Safety and Space
Has it really been over a year?? 2014 was pretty rough but we are finally back in the swing of things. The year ended (and 2015 began with) foundation repair that was supposed to take 4-6 weeks. After a few hiccups, slow workers, and revised plans, the project is finally complete 6 months later…i think (the contractor has yet to come get his final payment). In the process, our entire front yard was destroyed, including our brick patio, all landscaping, and grass including the property we own across the street.
Now that the basement has been dry-walled (still needs primer, paint, and trim) and the soil has been put back in order, we’ve decided to take on our next (and final) big project for this house, a garage addition. Since our property has been thoroughly destroyed, why stop now?
Background on our current driveway/garage: this house currently has a (comfortable in 1965) 2 car garage. Although it is ‘comfortable’ it’s very small compared to the garage we grew accustom to at our old house. Ryan’s large Sequoia and my 4 door sedan barely fit in the space together (let alone our bikes, lawn equipment, etc..). We never realized how big our old garage was until we moved into this house. We could probably live just fine with a small garage (or buy smaller cars), but the heart of the problem is safety. We live on a short dead end road with 8 houses, but we also live on a fairly traveled state road. The main road leads to the state forest and cars/trucks/motorcycles FLY through the curvy hills. Our biggest challenge is that our current driveway/garage is on this state road. Every day we are forced to blindly back onto traffic. We cross our fingers there is no vehicle flying down the road (usually at 50 miles an hour although the speed limit is only 30) ready to hit us. We hired the architect that designed our master bedroom to put together a possible plan to change the location of our driveway. He completed a study and it revealed we have approximately 3 seconds from the curve of the road to make it out of our driveway before a traveling car has the opportunity to hit us as we back out. Our architect also informed us we would need a variance from the city before we could even move forward with designing plans. With his help we filled out applications, hired land surveyors, and applied to the city for the possible variance. Over the summer he accompanied us to a hearing were they determined yes, we could move forward with our desire to move the driveway and repositioning it to the front of our house instead of the side. Little to our knowledge, we only had 1 year from the day we received the official approval to complete this project.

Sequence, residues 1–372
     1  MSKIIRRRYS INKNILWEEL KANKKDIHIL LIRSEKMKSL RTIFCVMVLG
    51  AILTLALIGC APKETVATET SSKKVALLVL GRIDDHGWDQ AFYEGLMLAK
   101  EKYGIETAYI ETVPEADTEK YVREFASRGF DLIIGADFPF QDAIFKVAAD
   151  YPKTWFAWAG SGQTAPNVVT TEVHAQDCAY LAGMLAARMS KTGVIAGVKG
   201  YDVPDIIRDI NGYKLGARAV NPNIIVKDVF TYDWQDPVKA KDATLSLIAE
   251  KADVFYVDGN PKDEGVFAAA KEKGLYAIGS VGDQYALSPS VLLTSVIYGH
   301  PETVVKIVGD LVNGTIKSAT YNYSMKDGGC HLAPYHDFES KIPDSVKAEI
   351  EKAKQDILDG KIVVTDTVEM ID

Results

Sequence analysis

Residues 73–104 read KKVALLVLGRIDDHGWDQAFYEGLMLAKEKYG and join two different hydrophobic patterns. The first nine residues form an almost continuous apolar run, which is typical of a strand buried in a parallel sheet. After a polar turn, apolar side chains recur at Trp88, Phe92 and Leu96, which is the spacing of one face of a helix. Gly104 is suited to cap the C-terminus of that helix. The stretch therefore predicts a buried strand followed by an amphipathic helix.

Below is the current setup of the garage so you can get a feel for the space:
Our architect drew up a plan that extended our garage 30 feet towards the front of the house. We ended up scaling it back to 28 feet. It will essentially be a big box (no attic) with two single garage doors, a man door on both sides, and lights/electrical. The front wall of our current garage will get knocked down (and supported by a LVL beam) and the space will open up to a 4 car garage.
Here are the site plans:
The garage doors will face the front of the house,creating a safer exit from our driveway. We pulled the trigger and our contractor broke ground last week. In under a week he got an excavator in, foundation footer poured, brick removed from the existing garage, and today the guys laid all the cinder block. By the end of the week we should be all framed up and hopefully under a roof!
This will hopefully be our last BIG project on this house. It’s going so much faster and smoother than the foundation, so we are off to a good start!!! I couldn’t be happier that we are (maybe?) back into the home-remodel groove. It’s been a rough year, but everything seems to be coming together. I’m especially happy to be back to blogging. It’s something I’ve enjoyed and definitely missed! I’ll be back with an update when we are under roof 🙂
*update* Here is an idea of what the house should look like once it’s compete: